Results

A total of 6055 individuals aged 17–85 years from the TwinsUK cohort were included in the analysis of 280 blood metabolites. The demographic characteristics of the study population are presented in Supplementary Table S1 (available as Supplementary data at IJE online).

Age was found to correlate with 165 metabolites after accounting for multiple testing (P < 1.8 × 10−4), family relatedness, sex and body mass index (BMI) (see Supplementary Table S2, available as Supplementary data at IJE online). The majority of these metabolites were related to lipid pathways (73) and amino acid pathways (49). There were also 11 carbohydrates, 9 xenobiotics, 7 nucleotides, 6 intermediates in the energy pathway, 6 cofactors and vitamins and 4 peptides.

After a stepwise linear regression including these 165 metabolites, we identified a panel of 22 independent metabolites associated with age (Table 1), achieving an R2 = 59%. The majority of metabolites were lipids (nine) and amino acids (seven) plus two intermediates in the energy pathway, two xenobiotics, one carbohydrate and one nucleotide. Many of the identified correlations between age and compounds have been previously described in the literature such as that with steroids,15 creatinine16 and citrulline.17 This serves as a proof of principle for the other metabolites identified here.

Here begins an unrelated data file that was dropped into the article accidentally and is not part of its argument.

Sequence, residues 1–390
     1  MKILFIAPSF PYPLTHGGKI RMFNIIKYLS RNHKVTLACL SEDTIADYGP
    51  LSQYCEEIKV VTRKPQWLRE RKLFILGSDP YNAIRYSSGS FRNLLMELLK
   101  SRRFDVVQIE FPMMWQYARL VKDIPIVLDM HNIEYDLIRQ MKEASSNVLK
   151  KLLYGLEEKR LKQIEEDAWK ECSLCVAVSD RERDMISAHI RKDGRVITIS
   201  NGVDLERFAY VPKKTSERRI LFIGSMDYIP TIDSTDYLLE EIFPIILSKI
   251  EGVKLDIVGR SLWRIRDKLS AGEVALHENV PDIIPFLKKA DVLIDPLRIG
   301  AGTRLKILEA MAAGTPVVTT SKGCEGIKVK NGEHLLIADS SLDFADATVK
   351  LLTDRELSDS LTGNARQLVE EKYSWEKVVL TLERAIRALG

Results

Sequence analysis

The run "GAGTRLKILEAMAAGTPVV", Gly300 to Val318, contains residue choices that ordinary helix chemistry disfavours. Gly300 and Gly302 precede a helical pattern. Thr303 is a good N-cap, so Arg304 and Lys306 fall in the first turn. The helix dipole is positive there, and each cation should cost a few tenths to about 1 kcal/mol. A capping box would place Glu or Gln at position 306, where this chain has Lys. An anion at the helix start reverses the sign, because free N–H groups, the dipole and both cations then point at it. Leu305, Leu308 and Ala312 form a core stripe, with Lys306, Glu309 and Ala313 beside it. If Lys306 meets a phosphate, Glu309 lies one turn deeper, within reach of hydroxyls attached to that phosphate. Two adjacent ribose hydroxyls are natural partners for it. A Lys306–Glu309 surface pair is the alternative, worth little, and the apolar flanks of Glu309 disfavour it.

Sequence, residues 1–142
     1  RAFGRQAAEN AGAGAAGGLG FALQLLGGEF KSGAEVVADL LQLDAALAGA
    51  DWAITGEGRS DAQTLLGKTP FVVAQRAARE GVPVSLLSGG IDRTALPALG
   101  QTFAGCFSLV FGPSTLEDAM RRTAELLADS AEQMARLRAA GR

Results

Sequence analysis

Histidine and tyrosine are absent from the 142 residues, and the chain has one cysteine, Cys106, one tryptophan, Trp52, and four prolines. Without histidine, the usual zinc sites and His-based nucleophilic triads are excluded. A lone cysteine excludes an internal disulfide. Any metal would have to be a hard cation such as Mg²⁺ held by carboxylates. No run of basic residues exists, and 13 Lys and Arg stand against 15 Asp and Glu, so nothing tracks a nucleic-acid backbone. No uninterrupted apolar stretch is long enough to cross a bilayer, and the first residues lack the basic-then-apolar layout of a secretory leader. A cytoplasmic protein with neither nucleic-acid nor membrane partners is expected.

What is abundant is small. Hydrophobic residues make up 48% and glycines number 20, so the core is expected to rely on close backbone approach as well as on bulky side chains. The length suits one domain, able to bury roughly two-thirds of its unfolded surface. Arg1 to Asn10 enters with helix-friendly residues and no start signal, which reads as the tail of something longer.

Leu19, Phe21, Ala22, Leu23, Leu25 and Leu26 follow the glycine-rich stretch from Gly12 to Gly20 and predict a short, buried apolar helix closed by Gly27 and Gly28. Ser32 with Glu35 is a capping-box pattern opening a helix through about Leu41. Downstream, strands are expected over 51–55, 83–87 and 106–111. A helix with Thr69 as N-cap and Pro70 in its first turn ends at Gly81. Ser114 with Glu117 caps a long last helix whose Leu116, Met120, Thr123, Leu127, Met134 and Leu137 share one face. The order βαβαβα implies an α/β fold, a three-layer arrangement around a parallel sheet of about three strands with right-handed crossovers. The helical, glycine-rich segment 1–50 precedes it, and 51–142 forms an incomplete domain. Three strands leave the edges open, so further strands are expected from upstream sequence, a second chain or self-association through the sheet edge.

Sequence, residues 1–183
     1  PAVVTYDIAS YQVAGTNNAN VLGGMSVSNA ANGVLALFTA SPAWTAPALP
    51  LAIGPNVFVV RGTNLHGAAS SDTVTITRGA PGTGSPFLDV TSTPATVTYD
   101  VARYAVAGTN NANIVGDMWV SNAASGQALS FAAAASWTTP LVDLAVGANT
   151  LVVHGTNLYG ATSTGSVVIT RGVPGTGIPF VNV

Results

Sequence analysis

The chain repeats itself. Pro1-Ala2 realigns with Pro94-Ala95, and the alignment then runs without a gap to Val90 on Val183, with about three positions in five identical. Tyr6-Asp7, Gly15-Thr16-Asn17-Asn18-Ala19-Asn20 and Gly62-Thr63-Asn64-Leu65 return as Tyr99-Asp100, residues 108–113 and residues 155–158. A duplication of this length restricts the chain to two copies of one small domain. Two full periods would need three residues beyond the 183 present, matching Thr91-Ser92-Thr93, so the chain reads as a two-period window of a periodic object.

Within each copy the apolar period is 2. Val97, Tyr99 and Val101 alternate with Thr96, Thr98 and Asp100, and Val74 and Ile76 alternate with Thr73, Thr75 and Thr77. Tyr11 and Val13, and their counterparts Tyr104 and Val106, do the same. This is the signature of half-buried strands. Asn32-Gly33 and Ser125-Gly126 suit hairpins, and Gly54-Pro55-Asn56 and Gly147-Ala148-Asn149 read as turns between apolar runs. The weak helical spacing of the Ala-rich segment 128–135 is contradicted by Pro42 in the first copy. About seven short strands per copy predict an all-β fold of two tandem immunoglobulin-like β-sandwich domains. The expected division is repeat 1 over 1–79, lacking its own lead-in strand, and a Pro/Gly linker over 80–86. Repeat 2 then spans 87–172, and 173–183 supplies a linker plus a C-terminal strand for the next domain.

Table 1

List of metabolitesa associated with age, and their association with FEV1, and hip BMD

   Age
 
FEV1
 
Hip BMD
 
Metabolite Type Sub-pathway beta SE P beta SE P beta SE P 
aspartate a-a Alanine and aspartate metabolism −1.05 0.17 9.2 × 10−10 0.001 0.01 9.0 × 10−1 0.003 0.002 2.3 × 10−1 
creatine a-a Creatine metabolism 1.43 0.18 7.1 × 10−15 −0.004 0.01 6.5 × 10−1 −0.01 0.002 6.9 × 10−4 
creatinine a-a Creatine metabolism −3.11 0.22 2.1 × 10−45 0.001 0.01 9.5 × 10−1 0.01 0.003 7.3 × 10−7 
glutamate a-a Glutamate metabolism 1.6 0.22 4.4 × 10−13 −0.03 0.01 6.3 × 10−4 −0.002 0.003 4.2 × 10−1 
serine a-a Glycine, serine threonine metabolism −2.17 0.23 9.7 × 10−21 0.03 0.01 7.9 × 10−3 −0.002 0.003 4.3 × 10−1